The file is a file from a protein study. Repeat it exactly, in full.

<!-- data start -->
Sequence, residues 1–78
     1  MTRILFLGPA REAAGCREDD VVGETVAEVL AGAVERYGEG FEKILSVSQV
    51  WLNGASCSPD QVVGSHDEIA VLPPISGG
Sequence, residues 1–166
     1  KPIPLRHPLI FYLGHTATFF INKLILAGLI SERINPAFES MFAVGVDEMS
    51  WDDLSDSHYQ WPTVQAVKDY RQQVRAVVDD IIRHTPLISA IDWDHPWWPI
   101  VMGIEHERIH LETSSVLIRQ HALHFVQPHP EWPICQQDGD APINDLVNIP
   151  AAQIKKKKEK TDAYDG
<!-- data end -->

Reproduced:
Sequence, residues 1–78
     1  MTRILFLGPA REAAGCREDD VVGETVAEVL AGAVERYGEG FEKILSVSQV
    51  WLNGASCSPD QVVGSHDEIA VLPPISGG
Sequence, residues 1–166
     1  KPIPLRHPLI FYLGHTATFF INKLILAGLI SERINPAFES MFAVGVDEMS
    51  WDDLSDSHYQ WPTVQAVKDY RQQVRAVVDD IIRHTPLISA IDWDHPWWPI
   101  VMGIEHERIH LETSSVLIRQ HALHFVQPHP EWPICQQDGD APINDLVNIP
   151  AAQIKKKKEK TDAYDG